Let me start by explaining the background to my perspective on Croatian winter tourism.
Having lived full-time for 13 years on the island of Hvar, I have seen the realities of the seasonality of Croatian tourism closer than most. An idyllic island to live on for sure, but with locals too busy with the season to fully enjoy the summer months, only to then encounter the long and beautiful winter with everything closed and nowhere to go. With so much more to offer than just the sun, sea and the beach, it has always been a mystery to me why Croatia has not been able to develop year-round tourism.
As a local resident in the winter with every restaurant in the town closed for 5 months of the year, the announcement of ANY event and chance to go and socialise was gratefully accepted by many locals. Something different to break up the daily routine of visits to the cafe, working in the field and walking along the coast. I used to watch the few tourists that did come in the winter months – a time when Hvar, for me at least, was even more beautiful than in the summer – and how lost they looked. With so few places open, it was hard to find a place to eat, things to do, people to meet.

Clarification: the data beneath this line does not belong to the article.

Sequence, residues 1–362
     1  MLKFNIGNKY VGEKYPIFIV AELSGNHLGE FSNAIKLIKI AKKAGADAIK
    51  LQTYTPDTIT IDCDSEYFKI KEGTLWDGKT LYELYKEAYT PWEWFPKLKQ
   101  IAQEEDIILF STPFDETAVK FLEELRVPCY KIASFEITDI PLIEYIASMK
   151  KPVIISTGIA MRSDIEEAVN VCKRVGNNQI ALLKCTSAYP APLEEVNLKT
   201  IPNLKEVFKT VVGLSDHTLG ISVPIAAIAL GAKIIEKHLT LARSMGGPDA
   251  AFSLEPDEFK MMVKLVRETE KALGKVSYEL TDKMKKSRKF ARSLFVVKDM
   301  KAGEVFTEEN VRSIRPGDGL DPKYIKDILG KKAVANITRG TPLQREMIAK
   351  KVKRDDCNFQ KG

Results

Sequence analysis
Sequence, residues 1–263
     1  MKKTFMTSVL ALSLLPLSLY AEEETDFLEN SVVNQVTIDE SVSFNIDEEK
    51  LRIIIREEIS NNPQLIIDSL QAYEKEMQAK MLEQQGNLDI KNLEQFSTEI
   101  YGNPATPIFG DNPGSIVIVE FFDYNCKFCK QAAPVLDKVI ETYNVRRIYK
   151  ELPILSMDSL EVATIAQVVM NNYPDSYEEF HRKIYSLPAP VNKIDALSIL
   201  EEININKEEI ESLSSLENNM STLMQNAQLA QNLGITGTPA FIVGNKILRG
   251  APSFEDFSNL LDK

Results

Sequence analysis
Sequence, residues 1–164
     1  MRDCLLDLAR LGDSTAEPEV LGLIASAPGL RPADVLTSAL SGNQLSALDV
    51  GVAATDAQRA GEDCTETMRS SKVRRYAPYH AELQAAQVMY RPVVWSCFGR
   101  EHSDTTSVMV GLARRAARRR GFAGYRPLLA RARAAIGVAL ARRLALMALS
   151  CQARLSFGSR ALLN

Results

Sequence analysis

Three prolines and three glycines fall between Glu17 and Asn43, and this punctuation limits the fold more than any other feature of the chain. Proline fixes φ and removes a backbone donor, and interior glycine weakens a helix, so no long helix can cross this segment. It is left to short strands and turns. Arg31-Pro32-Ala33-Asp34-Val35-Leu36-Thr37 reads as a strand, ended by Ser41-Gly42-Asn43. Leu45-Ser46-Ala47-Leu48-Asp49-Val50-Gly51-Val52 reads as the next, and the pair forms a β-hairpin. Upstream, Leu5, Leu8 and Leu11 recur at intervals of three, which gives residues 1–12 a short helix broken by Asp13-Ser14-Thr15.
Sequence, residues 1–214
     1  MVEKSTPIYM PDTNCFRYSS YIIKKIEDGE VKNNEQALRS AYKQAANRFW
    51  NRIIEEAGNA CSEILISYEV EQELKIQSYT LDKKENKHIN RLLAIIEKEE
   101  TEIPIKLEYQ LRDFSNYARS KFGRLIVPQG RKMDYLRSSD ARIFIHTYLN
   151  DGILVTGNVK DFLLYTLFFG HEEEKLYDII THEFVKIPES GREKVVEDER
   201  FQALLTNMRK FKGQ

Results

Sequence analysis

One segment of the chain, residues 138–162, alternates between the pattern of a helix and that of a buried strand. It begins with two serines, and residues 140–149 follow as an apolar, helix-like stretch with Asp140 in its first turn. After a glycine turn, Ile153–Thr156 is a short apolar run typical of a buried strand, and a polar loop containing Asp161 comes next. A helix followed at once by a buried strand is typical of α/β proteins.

And it was not just Hvar. Dalmatian coastal towns in winter are a shadow of their summer selves in terms of life. It is the classic chicken and egg story. Lots of businesses want tourists all year, but they could not afford to stay open in the hope that they would show up. Lots of tourists would like to come in the offseason – Sandinavians escape a harsh winter, for example – but there were very poor air connections. And for those who did manage to visit, there was simply no focal point or events to attend, or ways to connect with other tourists.